C said...

To be fair, I was paraphrasing George Carlin when talking about the planet.

I think it's the driver not the vehicle that is the problem. My Toyota Tacoma pick-up truck puts less pollution into the air than most Pious - I mean Prius - hybrids because I only drive it on weekends, usually to haul big heavy things that would be impossible to effectively carry on a bike (like sheetrock and plywood) I've only put gas in the thing once in the past 3 months. A bigger vehicle driven less is far better than a hybrid driven daily.

I also try not to assume too much about a vehicle without knowing the driver. A buddy of mine got flack from a Pious owner because he drives a huge Ford pick-up. What the Pious owner didn't know is that he's an arborist and the truck is his work vehicle. Really, really hard to haul away a 50 foot felled tree in a hatchback. These vehicles do have their place though I'll be the first to acknowledge there are way to many of them being driven outside their intended purposes. Personally, I don't get this. I'd much rather have a comfortable sedan if I was forced to drive everyday. I don't get it but at the same time I know there are a lot of people who have legitimate needs for trucks.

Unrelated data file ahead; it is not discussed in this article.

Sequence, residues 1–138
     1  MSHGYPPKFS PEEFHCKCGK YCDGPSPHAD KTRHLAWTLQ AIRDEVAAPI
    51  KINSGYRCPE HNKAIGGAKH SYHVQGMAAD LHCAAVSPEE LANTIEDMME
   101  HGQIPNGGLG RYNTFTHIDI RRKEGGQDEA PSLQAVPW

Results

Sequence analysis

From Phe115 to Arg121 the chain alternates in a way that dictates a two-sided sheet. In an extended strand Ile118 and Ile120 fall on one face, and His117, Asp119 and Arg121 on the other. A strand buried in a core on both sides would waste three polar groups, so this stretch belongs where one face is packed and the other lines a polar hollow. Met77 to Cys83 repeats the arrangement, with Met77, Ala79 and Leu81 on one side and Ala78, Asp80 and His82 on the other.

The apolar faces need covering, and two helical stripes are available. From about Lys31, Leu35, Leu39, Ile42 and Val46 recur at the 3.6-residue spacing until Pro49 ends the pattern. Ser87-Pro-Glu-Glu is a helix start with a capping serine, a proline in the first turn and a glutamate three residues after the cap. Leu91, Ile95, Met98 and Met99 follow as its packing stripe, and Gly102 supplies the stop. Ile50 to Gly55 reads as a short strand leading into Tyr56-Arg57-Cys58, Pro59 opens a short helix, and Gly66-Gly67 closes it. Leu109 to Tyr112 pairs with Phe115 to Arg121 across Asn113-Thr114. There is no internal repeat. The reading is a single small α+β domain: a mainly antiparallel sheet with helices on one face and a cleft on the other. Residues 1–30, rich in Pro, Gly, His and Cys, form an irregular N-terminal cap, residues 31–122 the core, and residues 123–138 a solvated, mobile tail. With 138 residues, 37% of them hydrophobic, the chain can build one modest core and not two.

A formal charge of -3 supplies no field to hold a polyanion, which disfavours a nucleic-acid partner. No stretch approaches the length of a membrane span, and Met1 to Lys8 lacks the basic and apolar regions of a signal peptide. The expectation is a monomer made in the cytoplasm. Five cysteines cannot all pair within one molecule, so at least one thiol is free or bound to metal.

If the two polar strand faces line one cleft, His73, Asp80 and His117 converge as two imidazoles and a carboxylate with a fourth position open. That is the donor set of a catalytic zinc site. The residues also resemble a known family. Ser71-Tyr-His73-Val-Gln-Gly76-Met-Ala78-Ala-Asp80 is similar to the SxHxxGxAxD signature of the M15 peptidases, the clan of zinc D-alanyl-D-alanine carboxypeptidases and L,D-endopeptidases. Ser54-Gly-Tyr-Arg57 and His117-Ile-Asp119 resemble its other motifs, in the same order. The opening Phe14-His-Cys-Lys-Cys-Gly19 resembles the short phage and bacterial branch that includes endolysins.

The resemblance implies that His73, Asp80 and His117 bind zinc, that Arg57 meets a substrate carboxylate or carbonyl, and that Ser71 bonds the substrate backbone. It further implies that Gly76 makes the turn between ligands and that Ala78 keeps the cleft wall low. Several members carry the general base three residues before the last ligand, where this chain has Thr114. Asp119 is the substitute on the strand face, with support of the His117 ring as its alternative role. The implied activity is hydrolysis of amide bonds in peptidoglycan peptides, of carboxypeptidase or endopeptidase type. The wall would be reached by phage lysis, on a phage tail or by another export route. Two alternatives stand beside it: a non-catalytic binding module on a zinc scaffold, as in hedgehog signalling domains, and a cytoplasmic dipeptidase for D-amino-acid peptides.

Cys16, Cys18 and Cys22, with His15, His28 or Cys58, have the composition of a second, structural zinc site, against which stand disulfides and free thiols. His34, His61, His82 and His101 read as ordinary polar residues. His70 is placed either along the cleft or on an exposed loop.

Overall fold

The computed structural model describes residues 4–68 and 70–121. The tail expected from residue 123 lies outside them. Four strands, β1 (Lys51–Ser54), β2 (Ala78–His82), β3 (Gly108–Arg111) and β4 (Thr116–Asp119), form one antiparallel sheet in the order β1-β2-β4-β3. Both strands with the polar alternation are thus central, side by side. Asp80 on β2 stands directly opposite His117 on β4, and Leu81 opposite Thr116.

C said...

"The evidence that the planet has warmed over the last 150 years beyond normal, long-term cyclical variations is so overwhelming one can't deny it without denying basic assumptions about logic and reality."

True but keep in mind that 150 years in the history of the planet is an insignificant amount of time! 150 years out of several billion years is hardly a long term trend.

People talk about melting ice caps as being a bad thing. However, I seem to remember in geology class many years ago reading that for most of the planets existence having only once ice cap was the norm. How much of the warming is disaster and how much of it is a return to the norm?